To Edinburgh, with love

Chance has a mighty hold on our lives. A hold many would like to deny. To eradicate. Particularly those who squeeze up from the bottom on a tube of toothpaste. Those who claim not to understand poetry.

In the last weeks, happenstance has brought back so many memories of the time I spent in Edinburgh that I decided to rewrite a poem I wrote back then. The inspiration for it came from an afternoon of idle online wandering, when I somehow came across the US Social security death index and looked up my name.

The search retrieved 107 people who had died in the US with my proper name: mostly old men, but also men in their twenties, and even babies, just a few months old.

The poem is a boustrophedon, which means, in Greek, “turning like an ox while plowing”, and apparently was a poetic form of which people were very fond of in antiquity. I learnt about it through the writing of a Cuban writer, scriptwriter and translator -of Joyce’s Dubliners- who was, like me, enamoured of the English language: Guillermo Cabrera Infante. Indeed, Bustrofedón was the name of that unforgettable character from his novel Three Trapped Tigers (“Tres Tristes Tigres”), which I read for the first time in Edinburgh: a whacky representative of the non-representational power of language whose sole raison-d-être was to play on words and pull everybody’s leg, vindicating play as a universal constant and agent of change.

Here it is, published for the first time. Enjoy the game:

Albion Ni Rorrim Srettel Ruo

To the US Social Security Death Index, for inspiring this boustrophedon,
to Edinburgh and those who shared that city with me, with love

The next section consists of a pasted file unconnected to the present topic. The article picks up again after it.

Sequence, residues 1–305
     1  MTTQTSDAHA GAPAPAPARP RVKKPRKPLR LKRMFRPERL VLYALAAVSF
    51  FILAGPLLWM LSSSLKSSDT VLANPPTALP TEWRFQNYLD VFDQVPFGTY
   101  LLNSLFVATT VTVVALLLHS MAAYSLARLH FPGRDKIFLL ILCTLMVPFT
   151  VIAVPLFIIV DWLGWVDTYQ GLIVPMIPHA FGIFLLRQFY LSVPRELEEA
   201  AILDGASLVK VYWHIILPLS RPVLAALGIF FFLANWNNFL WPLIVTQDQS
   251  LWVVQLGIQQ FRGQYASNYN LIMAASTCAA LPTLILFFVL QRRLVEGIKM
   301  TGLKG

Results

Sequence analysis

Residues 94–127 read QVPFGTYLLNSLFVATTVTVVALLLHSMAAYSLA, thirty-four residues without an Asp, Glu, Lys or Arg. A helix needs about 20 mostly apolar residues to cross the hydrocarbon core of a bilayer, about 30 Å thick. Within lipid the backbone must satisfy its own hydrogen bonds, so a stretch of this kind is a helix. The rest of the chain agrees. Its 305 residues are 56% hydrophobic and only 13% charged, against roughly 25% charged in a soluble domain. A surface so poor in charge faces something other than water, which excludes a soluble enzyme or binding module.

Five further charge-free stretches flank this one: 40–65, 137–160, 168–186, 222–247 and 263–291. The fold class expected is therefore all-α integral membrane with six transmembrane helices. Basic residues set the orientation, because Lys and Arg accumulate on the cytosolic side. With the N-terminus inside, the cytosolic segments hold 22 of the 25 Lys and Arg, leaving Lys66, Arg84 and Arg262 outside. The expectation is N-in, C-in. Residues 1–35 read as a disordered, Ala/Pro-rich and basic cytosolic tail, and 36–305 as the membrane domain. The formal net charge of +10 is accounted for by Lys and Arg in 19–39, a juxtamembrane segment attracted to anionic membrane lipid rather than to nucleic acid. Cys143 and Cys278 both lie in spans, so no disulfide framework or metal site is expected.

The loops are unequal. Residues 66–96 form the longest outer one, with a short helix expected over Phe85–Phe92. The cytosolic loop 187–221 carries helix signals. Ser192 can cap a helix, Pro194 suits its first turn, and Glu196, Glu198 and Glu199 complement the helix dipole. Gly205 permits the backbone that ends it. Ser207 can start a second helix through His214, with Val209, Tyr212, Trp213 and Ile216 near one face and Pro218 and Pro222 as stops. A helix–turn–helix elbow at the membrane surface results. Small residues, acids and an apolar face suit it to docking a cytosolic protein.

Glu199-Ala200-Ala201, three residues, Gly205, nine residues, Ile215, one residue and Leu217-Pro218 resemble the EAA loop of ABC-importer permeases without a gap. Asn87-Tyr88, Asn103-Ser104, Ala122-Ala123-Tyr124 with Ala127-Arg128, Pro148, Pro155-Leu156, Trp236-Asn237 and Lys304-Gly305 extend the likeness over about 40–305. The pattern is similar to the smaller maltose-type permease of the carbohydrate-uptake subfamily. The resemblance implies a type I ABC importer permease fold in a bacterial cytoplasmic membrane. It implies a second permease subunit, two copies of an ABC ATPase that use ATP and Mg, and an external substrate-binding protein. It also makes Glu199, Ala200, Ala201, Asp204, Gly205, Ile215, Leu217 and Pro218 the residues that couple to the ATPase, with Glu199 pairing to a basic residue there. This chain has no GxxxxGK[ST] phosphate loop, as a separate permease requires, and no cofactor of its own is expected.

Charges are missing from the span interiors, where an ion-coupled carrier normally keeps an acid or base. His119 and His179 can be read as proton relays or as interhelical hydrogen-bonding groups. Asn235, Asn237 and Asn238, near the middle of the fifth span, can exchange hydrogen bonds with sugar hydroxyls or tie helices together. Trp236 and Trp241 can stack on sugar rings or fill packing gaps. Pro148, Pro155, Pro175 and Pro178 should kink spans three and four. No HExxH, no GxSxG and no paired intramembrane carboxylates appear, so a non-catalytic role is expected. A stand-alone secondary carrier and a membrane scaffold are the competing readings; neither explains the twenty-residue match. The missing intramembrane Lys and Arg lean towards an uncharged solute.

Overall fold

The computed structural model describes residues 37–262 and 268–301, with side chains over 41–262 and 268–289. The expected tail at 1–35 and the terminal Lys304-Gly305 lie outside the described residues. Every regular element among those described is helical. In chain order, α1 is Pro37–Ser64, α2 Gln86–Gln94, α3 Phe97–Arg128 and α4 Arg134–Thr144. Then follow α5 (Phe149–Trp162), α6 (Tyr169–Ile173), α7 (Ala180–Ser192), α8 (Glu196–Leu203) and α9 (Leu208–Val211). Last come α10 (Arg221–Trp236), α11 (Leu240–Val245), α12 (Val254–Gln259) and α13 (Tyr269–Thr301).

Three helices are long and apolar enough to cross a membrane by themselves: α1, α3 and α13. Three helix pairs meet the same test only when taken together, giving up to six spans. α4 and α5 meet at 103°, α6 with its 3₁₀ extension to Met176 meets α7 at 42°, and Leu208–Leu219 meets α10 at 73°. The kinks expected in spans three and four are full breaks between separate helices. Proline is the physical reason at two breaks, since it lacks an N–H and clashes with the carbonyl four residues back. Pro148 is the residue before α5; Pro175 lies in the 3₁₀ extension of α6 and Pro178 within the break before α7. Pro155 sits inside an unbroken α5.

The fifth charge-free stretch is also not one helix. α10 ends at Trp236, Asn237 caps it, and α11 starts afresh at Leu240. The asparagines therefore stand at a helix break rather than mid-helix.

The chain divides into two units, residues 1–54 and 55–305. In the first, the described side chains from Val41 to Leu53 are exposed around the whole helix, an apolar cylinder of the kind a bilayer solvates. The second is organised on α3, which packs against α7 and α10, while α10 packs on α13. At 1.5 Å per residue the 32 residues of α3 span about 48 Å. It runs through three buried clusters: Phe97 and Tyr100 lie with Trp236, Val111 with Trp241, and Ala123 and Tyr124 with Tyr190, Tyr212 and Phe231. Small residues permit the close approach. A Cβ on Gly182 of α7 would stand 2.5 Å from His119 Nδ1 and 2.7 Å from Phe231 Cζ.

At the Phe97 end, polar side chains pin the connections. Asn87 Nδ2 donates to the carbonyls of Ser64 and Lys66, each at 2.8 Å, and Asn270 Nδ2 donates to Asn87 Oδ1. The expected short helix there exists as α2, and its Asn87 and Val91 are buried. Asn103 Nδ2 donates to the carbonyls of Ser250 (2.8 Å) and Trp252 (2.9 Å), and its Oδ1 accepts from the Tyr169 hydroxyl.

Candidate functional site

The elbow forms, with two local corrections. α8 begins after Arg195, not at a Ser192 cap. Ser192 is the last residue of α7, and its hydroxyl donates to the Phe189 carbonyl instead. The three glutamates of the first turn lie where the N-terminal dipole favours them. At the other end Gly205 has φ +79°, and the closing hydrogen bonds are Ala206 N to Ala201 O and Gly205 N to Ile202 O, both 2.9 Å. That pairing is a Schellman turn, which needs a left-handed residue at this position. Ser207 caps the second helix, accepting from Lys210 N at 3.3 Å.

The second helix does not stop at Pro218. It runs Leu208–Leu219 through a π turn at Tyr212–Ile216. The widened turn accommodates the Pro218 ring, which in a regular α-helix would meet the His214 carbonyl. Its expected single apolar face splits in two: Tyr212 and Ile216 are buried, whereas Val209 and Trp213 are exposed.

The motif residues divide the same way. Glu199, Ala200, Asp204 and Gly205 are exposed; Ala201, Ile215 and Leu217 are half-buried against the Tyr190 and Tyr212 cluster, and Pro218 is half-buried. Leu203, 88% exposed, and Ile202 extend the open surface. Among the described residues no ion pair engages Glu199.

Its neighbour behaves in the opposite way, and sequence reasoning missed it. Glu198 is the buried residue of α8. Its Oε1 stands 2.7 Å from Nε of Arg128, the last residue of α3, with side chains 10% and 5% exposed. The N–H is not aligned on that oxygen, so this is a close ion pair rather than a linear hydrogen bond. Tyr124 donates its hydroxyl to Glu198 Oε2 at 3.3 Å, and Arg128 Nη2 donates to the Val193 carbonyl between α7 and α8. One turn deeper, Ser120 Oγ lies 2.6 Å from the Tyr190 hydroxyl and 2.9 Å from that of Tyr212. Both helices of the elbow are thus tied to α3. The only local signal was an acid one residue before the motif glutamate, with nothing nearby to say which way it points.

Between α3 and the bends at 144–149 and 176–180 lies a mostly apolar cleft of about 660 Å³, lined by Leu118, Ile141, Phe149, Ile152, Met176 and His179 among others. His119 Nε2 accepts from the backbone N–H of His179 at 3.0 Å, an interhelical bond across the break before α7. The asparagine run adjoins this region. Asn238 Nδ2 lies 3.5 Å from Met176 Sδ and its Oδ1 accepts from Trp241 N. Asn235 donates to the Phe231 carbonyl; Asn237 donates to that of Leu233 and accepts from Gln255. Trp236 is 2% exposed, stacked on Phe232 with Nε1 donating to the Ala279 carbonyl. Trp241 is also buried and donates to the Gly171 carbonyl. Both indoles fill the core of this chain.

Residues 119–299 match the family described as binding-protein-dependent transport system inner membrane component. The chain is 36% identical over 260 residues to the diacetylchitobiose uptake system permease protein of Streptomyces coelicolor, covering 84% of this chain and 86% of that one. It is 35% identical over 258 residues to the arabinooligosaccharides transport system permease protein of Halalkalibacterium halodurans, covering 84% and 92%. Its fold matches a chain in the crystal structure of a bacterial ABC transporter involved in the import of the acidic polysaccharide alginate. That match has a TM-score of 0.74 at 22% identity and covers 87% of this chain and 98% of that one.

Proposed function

I write.
.daer uoY
You may ask yourself why I write,
,etriw I gnihtemos siht krow ti seod woh
or why have other people read me?

ma I tahw neewteb ecnatsid a tahW
and what I write, but nevertheless,
?yeht t’nera… era yeht ereh

A defying, consummated act
.htiw dehsinif m’I

In nights when I imagine my death in Noibla
.em ot emoc slobmys elibun eseht ylno

I write because news arrive I died across the Serpent,
,xnorB eht dna nylkoorB ni
and I regret not having called myself, back then, say in 1949,
,uoy tegrof lliw yeht dna eid lliw uoy: edifnoc ot tsuj
poetry never meant a thing to them.

etirw lliw I yademos
about my 106, and seven, deaths,
,redaeR raed, uoy tub
can take a gleeful glance
emoc ot sdrow lla ta
or read what I plagiarized at the age of eight.

.etriw I
You read.
.dne eht llit pu flesym etriw dluoc I

Only if that raven would stop fleeting…
…enil eht gnidloh eno-on si erehT

Here, Reader, it’s no surprise:
.ereh deneppah reve gnihton

I write and could write
,seceip dedlig dlim esoht fo eno
never mind but yes, yes,
enoemos eb syawla lliw ereht
ready to pierce someone’s eyes with snails
.yteip fo tuo tohs a drow or

Reader, answer this, will people think about me:
?sngis fo yretemeC eht ni epol ot desu ohw eno saw eh

But hush, dear Reader,
,erised eman reven
better stroke the trifles:
tsal ym em lleter uoy fi
I will tell you my one hundred deaths.

,enigami su tel… hsuH
for desire is only in absence,
…yawa, yawa…
in so many places, dear Reader,
…yawa derehtiw ydaerla ev’I

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